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Asking The Right Questions Before You Buy

Every deal you get involved in will have its own unique challenges. Some deals will be easier than others, but very few will be smooth sailing from start to finish. In order to get the most out of each transaction, you need to ask yourself as many questions as possible, every step of the way. From the moment you get started with a property, you should visualize all of the potential problems you may encounter. If you can answer who, what, why, when and how along the way, you will avoid making decisions that will get you in trouble.

The very first question you should ask yourself the first time you see a property is why is the house on the market at the price it is listed for. If the deal appears too good to be true, that just may be the case. You need to find out as much about the seller as you can. If it is a bank owned property, find out how long it has been on the market for and if there have been any price reductions. When you are looking at the property, see if there has been any work done that could be a red flag for bigger problems. If you come up with why they are asking their list price, it may lead you to either making an offer or moving onto the next property.

After why, you should ask yourself what you are going to do with it. If you are looking at a property in an area with high rental demand, it may make sense to hold onto it for a few years and rent it out. If the property is a good rehab candidate, you should look at comparable sales and see what homes in your local market are going for. Whatever your business plan is, you need to establish a clear objective for the property before you buy. Trying to figure it out after you buy is a surefire way to get stuck with a property you can’t do anything with. Before you ever make an offer, you need to have your exit strategy firmly in place.

If the property needs any work, you need to determine how much work is needed. Taking a walk through the property and coming up with a quick estimate is not the same as calculating a firm budget. It is easy to miss potential issues with the roof, foundation or basement if are trying to work too quickly. This is the most important step in any rehab. If your estimate numbers are off, everything else will be in jeopardy. It is also a good idea to determine who is going to do the work and if they can do it on your schedule. Your master plan may have you getting in and out in 30 days, but if your contractor is booked you will be forced to go with your backup plan.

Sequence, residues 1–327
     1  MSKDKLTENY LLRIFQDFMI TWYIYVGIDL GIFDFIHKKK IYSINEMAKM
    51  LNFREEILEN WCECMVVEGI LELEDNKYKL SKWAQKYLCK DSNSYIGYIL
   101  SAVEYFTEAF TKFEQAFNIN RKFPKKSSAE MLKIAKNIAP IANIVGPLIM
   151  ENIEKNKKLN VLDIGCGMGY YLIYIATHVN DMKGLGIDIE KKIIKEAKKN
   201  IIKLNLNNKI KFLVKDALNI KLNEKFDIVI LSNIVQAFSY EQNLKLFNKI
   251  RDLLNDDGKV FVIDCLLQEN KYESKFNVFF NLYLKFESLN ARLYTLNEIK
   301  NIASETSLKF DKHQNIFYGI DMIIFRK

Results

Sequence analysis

Having the ability and desire to close is not the same as knowing when it can happen. Depending on who the seller is, when you close can vary greatly. If you are working with a traditional seller, you may be able to entice a quick sale with a cash offer or some other perk to expedite the process. If you are working on a short sale or a bank owned property without an accepted offer the deal could take months to close. This will make the deal far less attractive and can greatly change your strategy and your offer price. If you have to close in the winter you will need to get the house winterized and weather can play havoc with any work that needs to be done. It also can become an issue if you have other properties you are interested in or need capital from a sale to make this deal happen. A good deal may not be as good as it looks if you can’t close for six months.

Finally, before you buy, you need to know who your target market would be if you decide to sell. Are you looking to wholesale out to fellow investors or rehab and flip to end buyers? The answer to this question will affect what kind of work you do and what your offer price will be. You also may view the property as a long term hold and consider renting the house out. All of these options require you to know the market and comparable rent and sales numbers. If you don’t know who your target market is and you decide to buy, you may not get as great a return as you think. Every market is different, even within the same towns. Sales can change in just a couple of miles and this could mean thousands of dollars either way. Any good investor knows their market before they think about buying in it.

The more questions you ask, the better chance you have of making good decisions. There will always be issues and changes to any plan, but if you start with some basic answers it will point you in the right direction. It is always far better to walk away from a property you aren’t 100% sure about than to hope you have a good property. Getting involved in a bad deal will take you months to recover from and affect the rest of your business. By asking the right questions and finding the answer, you will have much less doubt on every purchase you make.

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